Books were written by the most subtile of their order, calculated to unhinge the mind from the truths of Revelation, and to bring the Gospel into contempt. A learned Encyclopædia was devised and written for this very purpose, that the poison of Infidelity might be imperceptibly diffused. And other books innumerable, even down to the lowest tracts, teeming with the most artful suggestions of Infidelity, were profusely scattered through the whole mass of society. Printers and booksellers were artfully enlisted into the same cause. And funds were raised to indemnify them, in suppressing every evangelical publication. So that few or no good, books could circulate in society, or ever be found. Reading societies were formed by the agents of this fatal scheme, in order that their impious publications might be read, and thus take the more sure effect. The direction of schools the leaders of Illuminism found means to get into their own hands; and to furnish them with instructors of their own order.
Said the chief of the Illuminati; “All the German schools, and the benevolent society, are at last under our direction. Lately we have got possession of the Bartholomew Institution for young clergy men, having secured all their supporters. Through this, we shall be able to supply Bavaria with fit priests. We must acquire the direction of education, of church management, of the professional chair, and of the pulpit. We must preach the warmest concern for humanity, and make people indifferent to all other relations. We must gain the reviewers, and journalists, and the booksellers."'* See an instance of their impious hypocrisy. A president of their society, in an initiatory discourse, said, “Jesus Christ, our grand and ever celebrated master, appeared in an age, when corruption was universal. He support- . ed his doctrines by an innocent life, and sealed them with his blood.” Yet Christ was the wretch, whom their order had sworn to crush! And the following sentiments we read in their own language. “All ideas of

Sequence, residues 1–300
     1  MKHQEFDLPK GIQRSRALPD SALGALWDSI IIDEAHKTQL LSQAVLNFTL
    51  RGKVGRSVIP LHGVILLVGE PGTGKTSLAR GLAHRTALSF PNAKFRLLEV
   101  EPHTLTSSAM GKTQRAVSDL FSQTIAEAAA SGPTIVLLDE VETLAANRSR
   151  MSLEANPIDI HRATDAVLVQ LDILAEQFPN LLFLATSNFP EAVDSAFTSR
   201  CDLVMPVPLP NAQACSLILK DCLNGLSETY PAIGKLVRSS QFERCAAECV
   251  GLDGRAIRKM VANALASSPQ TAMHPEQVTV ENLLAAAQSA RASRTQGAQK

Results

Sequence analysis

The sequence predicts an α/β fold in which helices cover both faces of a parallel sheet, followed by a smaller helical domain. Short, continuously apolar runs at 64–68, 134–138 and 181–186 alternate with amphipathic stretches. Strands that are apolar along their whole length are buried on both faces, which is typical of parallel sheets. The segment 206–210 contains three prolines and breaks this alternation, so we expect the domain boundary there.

“ justice and injustice, of virtue and vice, of glory and infamy, are purely arbitrary, and dependent on custom. The man, who is above law, can commit without remorse the dishonest act, that may serve his purpose. The fear of God, so far from being the beginning of wisdom, would be the beginning of folly. Modesty is only an invention of refined voluptuousness. Virtue and honesty are no more than the habit of actions personally advantageous.""The supreme king,” (says their code) “the God of philosophers, Jews, and Christians, is but a chimera, a phantom. Jesus Christ is an impostor.”
It was one of the hidden maxims of their philosophy, first to gain a firm footing by fraud, and afterwards to propagate their scheme by force; adopting the words
*Faber, vol. I, p. 251. +Barruel, vol. iii, p. 164; and
Kett, vol. ii, p. 178.
reason, toleration, and humanity, as a quietus, till they could call to arms. The following instructions were accordingly given to their initiated brethren, by the hierophant of their order. “Serve, assist, and mutually support each other; augment our numbers; render yourselves at least independent; and leave to time and posterity the care of doing the rest. When your numbers shall be augmented to a certain degree, and you shall have acquired strength by your union, hesitate no longer, but begin to render yourselves powerful and formidable to the wicked,” (i. e. all your opposers.)—“You will soon acquire sufficient force to bind the hands of your opponents, and subjugate them. Extend and multiply the children of light, till force and numbers shall throw power into our hands.”—“Nations must be brought back-by whatever means-peaceably, if it can be done; if not, then by force. For all subordination must be made to vanish from the earth."*
No iniquity, perfidy, or hypocrisy, was too bad to be adopted, provided they could but keep it concealed. Lying, and a stubborn perseverance in false assertions, either to conceal, or to accomplish their plots; or to ruin characters, or interests, that stood in their way, were among the most powerful principles of their system in crushing the wretch.
This fatal scheme spread in Germany under the direction of its arch-agent Weishaupt, and others. It became powerful in other Roman Catholic countries. In France it wrought wonders, and prepared the way
for the dismal scenes of modern date.
By a train of the most apposite ceremonies and operations, men were taught and hardened to become murderers, and capable of every cruel and perverse thing without remorse. Let one instance suffice to illustrate this remark. “A candidate for reception into one of the higher orders of ļlluminism, after having heard many threatenings denounced against all, who should betray the secrets of the order, was conducted to a place, where he saw the dead bodies of several, who were said to have suffered for their treachery. He then saw his